Bike thefts are an increasingly common occurrence at UR, with 300 attempted or completed thefts on bikes or bike parts in the past three years, according to UR Security. As a university whose location makes it difficult to use cars or to walk out into the surrounding community, bikes are a useful form of transportation around and off campus. Protecting bikes should be a priority.
Security is working in conjunction with the Students’ Association on a voluntary registration drive for bikes intended to start before the end of the semester this is a great short-term plan. Registration stickers act as a deterrent to thieves and as a means for Security to track down stolen bikes.
In the long term, UR Facilities could build a few centrally located bike storage sheds on campus, which would be accessible by ID card and allow students to easily and securely store bikes during the semester. As a model, the Eastman School of Music had a bike shed with a Plexiglas ceiling and chain-link fence up until recent renovations required its temporary removal. Facilities has purchased 10 bike racks for the University, which should alleviate the problem of limited space on bike racks. Where possible, the new bike racks should be placed next to locations with existing cameras.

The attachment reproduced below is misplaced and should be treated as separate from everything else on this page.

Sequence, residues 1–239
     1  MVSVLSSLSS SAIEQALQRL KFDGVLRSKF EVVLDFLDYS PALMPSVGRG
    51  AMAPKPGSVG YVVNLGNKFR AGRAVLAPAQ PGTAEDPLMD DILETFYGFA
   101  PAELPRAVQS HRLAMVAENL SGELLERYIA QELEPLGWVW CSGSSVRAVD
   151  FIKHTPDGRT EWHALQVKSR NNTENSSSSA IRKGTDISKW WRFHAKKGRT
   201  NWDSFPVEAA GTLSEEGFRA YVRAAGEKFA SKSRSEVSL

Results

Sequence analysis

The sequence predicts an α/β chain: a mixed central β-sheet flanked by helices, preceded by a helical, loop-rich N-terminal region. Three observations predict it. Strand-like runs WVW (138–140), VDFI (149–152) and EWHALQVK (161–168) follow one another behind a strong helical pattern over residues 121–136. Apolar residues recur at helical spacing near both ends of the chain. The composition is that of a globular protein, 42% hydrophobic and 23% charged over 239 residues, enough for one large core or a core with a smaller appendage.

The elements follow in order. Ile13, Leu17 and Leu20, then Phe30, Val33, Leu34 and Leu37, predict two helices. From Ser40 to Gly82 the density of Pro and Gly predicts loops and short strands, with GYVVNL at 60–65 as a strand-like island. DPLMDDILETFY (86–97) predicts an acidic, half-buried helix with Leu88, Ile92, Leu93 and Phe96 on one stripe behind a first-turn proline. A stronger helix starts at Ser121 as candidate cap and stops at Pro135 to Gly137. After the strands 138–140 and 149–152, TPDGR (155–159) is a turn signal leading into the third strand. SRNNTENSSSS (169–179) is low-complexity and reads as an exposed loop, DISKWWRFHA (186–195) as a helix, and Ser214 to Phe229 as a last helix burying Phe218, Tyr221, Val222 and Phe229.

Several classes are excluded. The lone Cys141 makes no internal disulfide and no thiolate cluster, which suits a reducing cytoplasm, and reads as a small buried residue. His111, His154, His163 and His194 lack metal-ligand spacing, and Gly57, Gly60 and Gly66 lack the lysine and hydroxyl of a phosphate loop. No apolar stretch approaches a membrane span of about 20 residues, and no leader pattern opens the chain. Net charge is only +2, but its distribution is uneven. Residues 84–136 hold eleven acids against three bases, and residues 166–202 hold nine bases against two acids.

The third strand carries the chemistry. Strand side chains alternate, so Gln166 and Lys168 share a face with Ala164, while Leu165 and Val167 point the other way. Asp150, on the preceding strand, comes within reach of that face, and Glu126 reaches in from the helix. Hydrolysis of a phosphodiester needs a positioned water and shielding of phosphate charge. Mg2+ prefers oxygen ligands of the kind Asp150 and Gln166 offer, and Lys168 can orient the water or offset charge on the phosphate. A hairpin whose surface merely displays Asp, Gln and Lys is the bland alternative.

Other proposed ideas, such as security cameras, may act as deterrents to thieves, but cameras can encourage a false sense of security for the UR community and do little to track thieves.
While some of the onus falls on the University, it remains the students’ responsibility to properly lock up their bikes with a U-bar and to record the bike’s serial number. Additionally, engraving a name on the bicycle and keeping copies of the bike’s registration on file will limit the possibility of a bike being stolen and help the individual recover the bike.
The University represents an ever replenishing market of bikes for thieves. As the University’s population increases, the number of bike thefts will only increase unless the University plans to properly protect students’ property.